Tuesday, 20 August 2013

100 years of Pollyanna

Statue of Pollyanna
Littleton Public Library, New Hampshire
Do little girls still read Pollyanna (1913)? You can still buy the books on Amazon (and not just the free Kindle versions) so maybe they do, or maybe she only finds older, nostalgic readers such as myself? I loved the book as a child, but hadn't thought of it for years until the 1960 Disney film, starring Hayley Mills, was shown on television a few months ago. I was rather more impressed by it than I had been first time round - in fact, my first memory of the cinema is being carried out screaming when (spoiler alert) Pollyanna falls from a tree. In my defence, I would only have been three or four, so was much too young to understand it. However, I wasn't inspired to re-read the book until this summer, while on holiday in New England, I came across the statue above. Littleton, New Hampshire, is the birth-place of Pollyanna's author, Eleanor H Porter, and every year they hold a Glad Day to celebrate Pollyanna, this year marking her centenary.

Why a Glad Day? Pollyanna is an orphan who is sent to live with her maternal aunt when her father dies. Her mother's family had not approved of her marriage to a poor minister, so Aunt Polly is not very welcoming. However, Pollyanna's sunny nature can melt the stoniest of hearts, and soon she has transformed the whole town with her "glad game" which consists of finding something to be glad about in every situation. It started one Christmas when Pollyanna, who was hoping for a doll in the missionary barrel, found only a pair of crutches inside. Pollyanna's father invented the game to teach her always to look for good in bad situations and to find something to be glad about —in this case, that they didn't need to use the crutches! When Pollyanna has an accident, all the people she has helped rally round to help her recover and her aunt is reconciled to, and marries, her former beau, Dr Chilton, leading to a happy ending. Like another of my childhood favourites, Anne of Green Gables, Pollyanna can be irritatingly pious, but the message of the book is a sound one.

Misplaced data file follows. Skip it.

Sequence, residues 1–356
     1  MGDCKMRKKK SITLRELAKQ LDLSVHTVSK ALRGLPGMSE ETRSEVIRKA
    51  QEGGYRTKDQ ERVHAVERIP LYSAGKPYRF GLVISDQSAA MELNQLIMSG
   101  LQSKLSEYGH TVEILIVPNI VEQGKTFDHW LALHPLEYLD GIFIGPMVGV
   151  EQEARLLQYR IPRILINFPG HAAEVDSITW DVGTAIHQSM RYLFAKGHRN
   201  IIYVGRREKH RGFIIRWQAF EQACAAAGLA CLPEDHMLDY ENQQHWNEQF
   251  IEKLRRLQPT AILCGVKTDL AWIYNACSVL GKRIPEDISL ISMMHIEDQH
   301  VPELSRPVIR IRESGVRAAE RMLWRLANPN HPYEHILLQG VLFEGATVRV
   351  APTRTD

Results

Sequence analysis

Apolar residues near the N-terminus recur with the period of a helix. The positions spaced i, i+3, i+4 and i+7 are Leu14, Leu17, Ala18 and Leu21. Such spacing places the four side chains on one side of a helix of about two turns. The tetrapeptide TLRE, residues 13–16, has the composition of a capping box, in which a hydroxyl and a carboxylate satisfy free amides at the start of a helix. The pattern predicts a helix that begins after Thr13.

There are a dozen or so sequels, (see the list in Wikipedia) but only the first, Pollyanna grows up (1915), was written by Porter. Pollyanna's aunt wishes to accompany her husband to Europe. Rather casually, to the modern eye, she leaves Pollyanna to stay in Boston with the sister of an acquaintance. Mrs Carew's past has left her a bitter woman and Pollyanna, unknowingly, has been "prescribed" for her like a medicine. The glad game works its magic, Mrs Carew is transformed and Pollyanna makes many new friends. She is, however, horrified by the poverty she witnesses in Boston and returns home with views which sound dangerously socialist for the time! At this point, I got rather confused because six years pass and at first the second part of the book seems to bear little relation to what went before. Aunt Polly is now widowed and impoverished (by her standards), and Pollyanna casts around for money-making schemes and ways of preventing her aunt from sinking back into gloom. Her solution is to take in her friends from Boston as summer boarders - the connection is now clear! The rest of the plot features romantic misunderstandings and a rather hard-to-swallow coincidence which I don't think I could summarise without giving the game away. The attitude to a "crippled" character also sits uneasily in the twenty-first century, but is, I suppose, reflective of its times.

Despite these reservations, I've thoroughly enjoyed re-reading both books, but I don't think I'll go on to the sequels by other authors. I'll need to find another childhood heroine to revisit.

Update 26/08/13

Since posting the above I've learned of the existence of a list of children's literature statues in the US, Pollyanna included. Does anyone know of a similar UK list? Or of statues that could be included? Let me know in the comments if so.

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